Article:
Five Must-See Andy Warhol Portraits


Even if you’re not an art historian or expert, I’d take a guess that you know who Andy Warhol is? If you haven’t heard of the celebrity stories from his iconic New York studio, The Factory, or his controversial art and antics, you’ll recognize him from his impossible-to-miss white wig!

The Pittsburgh born artist was a staple in the New York art world between the 1960s until his death in 1987, and produced many works of painting, silkscreening, photography, sculpture and film. He also left us with a new way of thinking about art: Pop. Specifically, Warhol forced us to ask: why can’t art be separate from the celebrity and popular culture images and objects that we see daily?

We think these questions are still super valid. So as you think about what you’d like to make with this month’s Smart Art Box, take a look at 5 of Warhol’s must-see portrait paintings for some inspiration!

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1. Campbell’s Soup Cans (1962)

In true radical Warhol style, we thought it fitting to begin with a not-so-typical portrait. The subject: Campbell’s Soup cans. Warhol’s treatment of this (inanimate) consumer item par excellence might help you understand his portraits of actual people. Perhaps the most iconic work of Pop Art, it comprises 32 canvases, each identical in size and content (well almost). Each is a painting of different variety of a Campbell’s Soup can. The screen-printing process to which Warhol was so faithful paralleled the mechanic factory production of the soup, as well as the row display of the cans in supermarkets across America. Blurring the boundaries between art, advertising and commercial products, this piece is of huge importance in 20th-century art history.

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2. Marilyn Diptych (1962)

Just after Marilyn Monroe’s death in 1962, Warhol made a work of art whose iconic status parallel the legend herself. Containing 50 images of Monroe (based on a 1953 publicity photo), half brightly colored and half in black and white, its repetition evokes the multiple meanings and layers to her complex persona. Although this depicts a real person, can you think about how it is similar to his Campbell’s Soup Cans? And if you happen to be in London, go have a look at it in person at the Tate Modern!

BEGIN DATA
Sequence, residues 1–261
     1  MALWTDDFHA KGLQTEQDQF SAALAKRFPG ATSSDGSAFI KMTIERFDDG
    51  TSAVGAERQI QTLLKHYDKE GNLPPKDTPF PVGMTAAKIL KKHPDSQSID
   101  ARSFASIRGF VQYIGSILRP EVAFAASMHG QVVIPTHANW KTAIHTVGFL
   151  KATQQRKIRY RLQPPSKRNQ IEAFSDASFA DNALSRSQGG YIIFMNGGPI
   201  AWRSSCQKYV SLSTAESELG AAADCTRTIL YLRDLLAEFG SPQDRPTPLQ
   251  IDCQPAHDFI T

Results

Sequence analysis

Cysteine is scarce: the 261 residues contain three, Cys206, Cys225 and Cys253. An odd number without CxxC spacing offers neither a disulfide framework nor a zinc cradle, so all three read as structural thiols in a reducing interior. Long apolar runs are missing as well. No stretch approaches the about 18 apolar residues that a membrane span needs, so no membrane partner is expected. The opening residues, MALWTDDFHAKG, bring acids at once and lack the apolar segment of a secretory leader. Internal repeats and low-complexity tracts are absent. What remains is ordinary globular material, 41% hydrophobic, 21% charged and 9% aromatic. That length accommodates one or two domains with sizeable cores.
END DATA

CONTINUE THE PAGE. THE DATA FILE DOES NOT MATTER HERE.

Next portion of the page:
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3. Eight Elvises (1963)

By now you’ve probably understood Warhol’s fascination with American celebrity culture and repetition. And who better to capture Americanness of the early 1960s than the king of rock’ n’ roll himself, Elvis Presley, in cowboy attire? Depicted in identical overlapping images, here was Elvis in all his glory! Sold for $100 million in 2008, the painting is also the maximum price ever paid for a Warhol (if you adjust for inflation)!

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4. Mao (1973)

Speaking of iconic personalities… Just after Richard Nixon visited China for the first time in 1973, Warhol painted the person of the moment: Mao. The image he used came from Mao’s Little Red Book. In contrast, Warhol’s painting stands at about 15 feet tall. One of hundreds of images he made of the notorious Chinese leader, this one utilised strong, colourful brushstrokes of garish color, a stark contrast to the severe Communist regime and persona.

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5. Self Portrait (1986)

No list of Warhol’s portraits would be complete without a self portrait. Painted in 1986, the year before his death, it is one of five versions, each in typical Warhol colors of green, blue, purple, yellow and red. By the end of his lifetime, the wig-clad Warhol was just as iconic as any of his famous sitters, from Marilyn to Mao.


And now that you’ve familiarized yourself with some of Andy’s must-see portraits, it’s time to create some artwork yourself! Or when you take your next selfie, do it Warhol style!! #smartartbox


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